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Semantics is the branch of linguistics that deals with the study of meaning, changes in meaning, and the principles that govern the relationship between sentences or words and their meanings.

Lexical semantics examines relationships among word meanings. It is the study of how the lexicon is organized and how the lexical meanings of lexical items are interrelated, and it’s principle goal is to build a model for the structure of the lexicon by categorizing the types of relationships between words. (eg. dog: 4-legged mammal, hairy, canine, definitely loyal.)

Hyponymy: a relationship between two words in which the meaning of one of the words includes the meaning of the other word. (eg. color: white, black, blue, green, etc.)

superordinate: the word more general in meaning

hyponyms: the words more specific

co-hyponyms: hyponyms of the same superordinate

Homonymy: ambiguous words whose different senses are far apart from each other and not obviously related to each other in any way. Words like tale and tail are homonyms. There is no conceptual connection between its two meanings. eg. bark (the sound of a dog) and bark (the skin of a tree)

homophones: words are identical in sound

homographs: words are identical in spelling

complete homonyms: words are identical in both sound and spelling

Homophony: the case where two words are pronounced identically but they have different written forms. They sound alike but are written differently and often have different meanings. (e.g. no, know and led, lead and would, wood)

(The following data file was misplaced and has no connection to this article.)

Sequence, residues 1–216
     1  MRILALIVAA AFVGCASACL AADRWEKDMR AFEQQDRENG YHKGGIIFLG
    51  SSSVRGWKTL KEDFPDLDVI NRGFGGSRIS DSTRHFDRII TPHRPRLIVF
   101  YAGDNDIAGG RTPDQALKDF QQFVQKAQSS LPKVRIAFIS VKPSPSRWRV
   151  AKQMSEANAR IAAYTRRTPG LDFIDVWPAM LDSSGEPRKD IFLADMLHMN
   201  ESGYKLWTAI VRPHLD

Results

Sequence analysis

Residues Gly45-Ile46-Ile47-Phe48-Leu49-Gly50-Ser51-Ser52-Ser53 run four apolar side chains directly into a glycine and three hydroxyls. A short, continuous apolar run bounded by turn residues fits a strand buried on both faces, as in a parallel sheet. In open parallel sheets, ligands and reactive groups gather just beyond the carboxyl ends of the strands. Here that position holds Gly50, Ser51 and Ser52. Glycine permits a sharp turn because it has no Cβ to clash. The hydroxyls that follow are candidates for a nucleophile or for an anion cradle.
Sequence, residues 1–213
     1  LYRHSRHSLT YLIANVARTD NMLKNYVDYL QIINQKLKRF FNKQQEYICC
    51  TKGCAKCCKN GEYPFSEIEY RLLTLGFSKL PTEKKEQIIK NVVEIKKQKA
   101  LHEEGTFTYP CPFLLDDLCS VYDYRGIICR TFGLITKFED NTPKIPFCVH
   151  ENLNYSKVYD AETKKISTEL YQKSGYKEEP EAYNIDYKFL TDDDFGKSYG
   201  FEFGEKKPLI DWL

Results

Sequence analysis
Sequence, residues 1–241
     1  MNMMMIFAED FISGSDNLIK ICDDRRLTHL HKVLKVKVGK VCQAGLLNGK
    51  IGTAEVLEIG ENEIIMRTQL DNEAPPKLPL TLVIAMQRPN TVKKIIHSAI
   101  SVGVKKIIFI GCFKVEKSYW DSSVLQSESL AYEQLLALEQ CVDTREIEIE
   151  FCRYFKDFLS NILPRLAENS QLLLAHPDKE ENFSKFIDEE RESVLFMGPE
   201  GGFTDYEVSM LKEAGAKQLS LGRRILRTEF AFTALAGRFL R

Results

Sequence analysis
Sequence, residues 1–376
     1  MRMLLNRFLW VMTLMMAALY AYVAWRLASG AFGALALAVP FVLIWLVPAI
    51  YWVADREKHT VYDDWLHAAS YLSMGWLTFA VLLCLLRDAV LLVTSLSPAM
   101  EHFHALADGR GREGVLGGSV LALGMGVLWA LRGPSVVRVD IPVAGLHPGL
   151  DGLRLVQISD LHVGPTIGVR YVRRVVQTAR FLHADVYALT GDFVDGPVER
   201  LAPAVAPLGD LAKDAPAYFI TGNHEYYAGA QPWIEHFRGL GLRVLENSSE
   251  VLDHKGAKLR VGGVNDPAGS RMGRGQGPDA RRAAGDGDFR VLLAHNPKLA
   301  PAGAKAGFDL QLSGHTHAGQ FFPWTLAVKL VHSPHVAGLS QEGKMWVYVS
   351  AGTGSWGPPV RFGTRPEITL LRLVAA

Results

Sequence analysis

Homograph: a word which is spelled the same as another word and might be pronounced the same or differently but which has a different meanings. (e.g.bear/ to bear)

polysemy: the same one word may have more than one meaning. (eg. e.g.foot in :He hurt his foot/ She stood at the foot of the stairs)

synonymy: the sameness or close similarity of meaning. (eg. boy=lad)

antonymy: oppositeness of meaning. (eg. open x close)

gradable antonyms: often with intermediate forms between the two of a pair, standing for two extremes.

complementary antonyms: characterized by that the denial of one implies the assertion of the other. They are two extremes without intermediate degree. It is a matter of either one or the other.

relational opposites: exhibiting the reversal of a relationship between the pair.

Metonymy: a figure of speech in which one word of phrase is substitued for another with which it is closely associated. (eg. "crown" for "royalty")

Meaning of the combination is a product of the combinations of the meanings of the words. (eg. Dog bites man. [happens all the time; not too interesting])

used to indicate the role played by each entity in a sentence and are ranging from very specific to very general.

Agent - doer of action

Theme - thing done do

Location - place

Source - original place

Goal - destination place

Instrument - something taht aids Agent in doing

Truth is a complicated matter. for the purposes of this course, we are only interest in a few distinctions about truth.

True by definition (analytic truth)

True by implication

Real world truth (synthetyc, contigent)